Nose Pad Buyers Guide for Glasses, Designer Eyewear, & Sunglasses
Nose Pads are attached to glasses by the use of small metal nose pad mounting arms that are permanently attached to the eyeglass frame.
The three primary nose pad arm mounting mechanisms are Screw-In
(screw-on), Push-In (push-on, snap-in, snap-on) , and Slide-In (slide-on).
The variances in the preceding nose pad terms reflects the most common nomenclature used in the eyeglass repair industry. Each of these nose pad mounts is used in the manufacturer of all types of glasses and sunglasses. To locate specific replacement nose pad arm mounts on the internet, you may wish to search each of the related terms.
Screw-In: Screw-in nose pad arm mounts, also referred to as screw-on mounts, are compatible with eyeglass nose pads that have a small extension with a hole in it that allows the body of a nose pad screw to pass through holes on either side of a nose pad arm and through this nosepad hole thus securing the nose pad to the nose pad mount.
Push-In: Push-in, push-on, snap-in, or snap-on nose pad arm mounts are compatible with nose pads that have a small extension that is pushed into and latches into a matching receiving receptacle in the nosepad arm thus securing the nose pad to the nose pad arm mount.
Slide-In: Slide-in, or slide-on nose pad arm mounts are compatible with nose pads that have a base resembling a "T-shaped" extension that slides into a hairpin like retaining structure in the nose pad arm mount that secures the nosepad to the nosepad mount.
Specialty Nose Pad Mounts: The above described screw-in, push-in, and slide-on nose pad mounts encompass the majority of nose pad mounting mechanisms employed by most eyeglasses manufacturers. Slide-on mounts are frequently found on rimless frames and are also often referred to as slide-on rimless mounts.
As in other industries, there are always some eyewear manufacturers that have a "better way" to accomplish a task, and in this case many optical frame manufacturers have devised various unique or "specialty" methods to affix nose pads to the glasses that they manufacture.
These less common nose pad mounting methods include: clip-on, crimp on, clamp-on, plug-in, Zeiss, bayonet, Ray-Ban, B&L, Bausch & Lomb, Rayban, system 3, square pin, Oakley, Bolle, split pin, and primadonna nose pad mounts. Both Clip-On nose pads and Crimp-On nose pad types are often referred to as B&L or Rayban type nose pads.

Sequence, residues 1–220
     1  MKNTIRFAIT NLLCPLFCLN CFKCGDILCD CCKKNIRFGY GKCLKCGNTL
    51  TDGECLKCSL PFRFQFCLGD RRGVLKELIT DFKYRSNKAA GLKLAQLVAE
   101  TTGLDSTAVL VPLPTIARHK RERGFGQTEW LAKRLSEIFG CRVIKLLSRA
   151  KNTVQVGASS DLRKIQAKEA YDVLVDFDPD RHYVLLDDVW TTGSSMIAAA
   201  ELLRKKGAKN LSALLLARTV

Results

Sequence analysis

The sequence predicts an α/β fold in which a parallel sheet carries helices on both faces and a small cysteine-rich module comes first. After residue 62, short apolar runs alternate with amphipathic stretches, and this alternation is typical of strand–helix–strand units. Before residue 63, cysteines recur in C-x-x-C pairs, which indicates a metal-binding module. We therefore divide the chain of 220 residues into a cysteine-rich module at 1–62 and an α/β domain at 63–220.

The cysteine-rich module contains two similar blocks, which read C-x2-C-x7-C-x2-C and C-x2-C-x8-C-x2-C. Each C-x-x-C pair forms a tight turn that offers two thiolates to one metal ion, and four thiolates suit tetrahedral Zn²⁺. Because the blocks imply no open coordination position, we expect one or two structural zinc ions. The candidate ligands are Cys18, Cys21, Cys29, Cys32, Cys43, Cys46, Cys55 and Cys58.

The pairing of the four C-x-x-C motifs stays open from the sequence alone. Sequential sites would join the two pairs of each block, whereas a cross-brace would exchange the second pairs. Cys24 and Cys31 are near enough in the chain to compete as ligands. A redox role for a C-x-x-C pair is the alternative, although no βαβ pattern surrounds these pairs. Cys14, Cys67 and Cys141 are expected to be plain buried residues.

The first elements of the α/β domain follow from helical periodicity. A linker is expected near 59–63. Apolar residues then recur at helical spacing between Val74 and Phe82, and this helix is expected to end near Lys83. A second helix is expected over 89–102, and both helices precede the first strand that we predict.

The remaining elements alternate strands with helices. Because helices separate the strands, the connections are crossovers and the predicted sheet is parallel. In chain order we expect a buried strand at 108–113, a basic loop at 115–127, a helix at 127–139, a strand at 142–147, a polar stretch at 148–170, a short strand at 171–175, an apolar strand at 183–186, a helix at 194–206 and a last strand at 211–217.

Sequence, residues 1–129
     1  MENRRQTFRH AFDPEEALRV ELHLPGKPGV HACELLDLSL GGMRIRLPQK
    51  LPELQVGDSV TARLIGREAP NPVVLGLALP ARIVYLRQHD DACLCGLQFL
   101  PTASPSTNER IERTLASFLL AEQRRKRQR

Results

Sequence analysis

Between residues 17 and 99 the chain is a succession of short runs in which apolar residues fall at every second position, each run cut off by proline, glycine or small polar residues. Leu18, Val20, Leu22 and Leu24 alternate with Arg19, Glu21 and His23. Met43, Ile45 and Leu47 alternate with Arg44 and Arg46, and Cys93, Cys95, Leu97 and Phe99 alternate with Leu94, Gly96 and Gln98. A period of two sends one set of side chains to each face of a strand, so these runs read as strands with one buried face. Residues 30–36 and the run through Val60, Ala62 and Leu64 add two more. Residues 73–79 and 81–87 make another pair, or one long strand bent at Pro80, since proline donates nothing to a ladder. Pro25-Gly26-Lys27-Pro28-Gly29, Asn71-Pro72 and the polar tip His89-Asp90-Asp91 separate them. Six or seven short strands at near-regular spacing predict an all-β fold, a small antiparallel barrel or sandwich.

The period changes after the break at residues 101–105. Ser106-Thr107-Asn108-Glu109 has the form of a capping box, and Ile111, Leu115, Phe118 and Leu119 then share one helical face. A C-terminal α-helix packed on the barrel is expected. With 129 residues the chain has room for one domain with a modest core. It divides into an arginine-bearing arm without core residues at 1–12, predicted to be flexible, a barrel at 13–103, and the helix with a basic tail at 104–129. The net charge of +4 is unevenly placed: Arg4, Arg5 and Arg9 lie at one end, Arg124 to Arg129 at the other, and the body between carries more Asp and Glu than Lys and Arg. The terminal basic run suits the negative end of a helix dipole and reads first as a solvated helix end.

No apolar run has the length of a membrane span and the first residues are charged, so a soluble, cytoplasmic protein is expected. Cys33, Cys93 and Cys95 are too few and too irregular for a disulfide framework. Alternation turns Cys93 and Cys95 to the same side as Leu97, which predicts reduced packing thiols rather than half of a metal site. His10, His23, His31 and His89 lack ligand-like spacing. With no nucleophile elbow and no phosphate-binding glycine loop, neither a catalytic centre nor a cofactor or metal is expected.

Logic Nose Pads(R): Logic Nose Pads, also known as dual-mount nose pads, are a relatively new type of nose pad technology whereby a small extrusion that emanates from the rear of the nose pad enables the nose pad to mount to "either" a screw-in nose pad mount OR a push-in ( snap-in ) nose pad mounting arm on the eyewear. This is in sharp contrast to traditional nose pads that are able to mount to only one type of nose pad mounting arm.
Stick On Nose Pads / Adhesive Nose Pads: Stick On Nose Pads or Adhesive Nose Pads are nosepads that contain a thin layer of adhesive material on the rear side of the nose pad. This adhesive layer is positioned at and adhered to the bridge or nasal area of the glasses. These nosepads thus provide cushioning to the nasal area of the glasses wearer.
An advantage of stick on nosepads over traditional glasses nose pads is they are easily replaced by the spectacle frame wearer. A disadvantage is that adhesive backed nose pads need more frequent replacement.
Common terms for adhesive nose pads that rely on the adhesion of the nose pad at the point of attachment are, glasses stick on nose pads, self adhesive nose pads, foam nose pads, stick on nose pads, press on nose pads, press in nose pads, silicone adhesive nose pads, clear nose pads, and self adhesive nose pads.
Adhesive silicone nose pads and foam based nose pads are the most common version of stick on nose pad technology.
An advantage of stick on and snappy press-on type nose pads is that they have a low profile design and are relatively easy to install and replace.
A disadvantage of using adhesive based nose pads and snappy type nose pads is they do not have the ability to be adjusted as many other types of nose pad systems offer.
The Rest ......
Nose pads for plastic frames and glasses may also be employed by using snappy nose pads. Snappy nose pads are also commonly referred to as build-up nose pads, press-in nose pads, and press-on nosepads. Plastic frames must be customized by an optical professional in order to be able to use snappy type nose pads.
Nose pads for plastic frames and eyeglasses often use stick on nose pads and snappy nose pads.
Nose pads for metal frames are available in most mounting styles except adhesive nose pads since metal frames without nose pads typically do not have a surface area available where a stick-on nose pad can be applied to.
Eyeglasses without nose pads sometimes use adhesive nose pads. Other options include having an eyeglass repair shop convert or modify an existing glasses frame so that it accommodates a standard nose pad mount.
Nose pads for sunglasses are typically the same as those described above.
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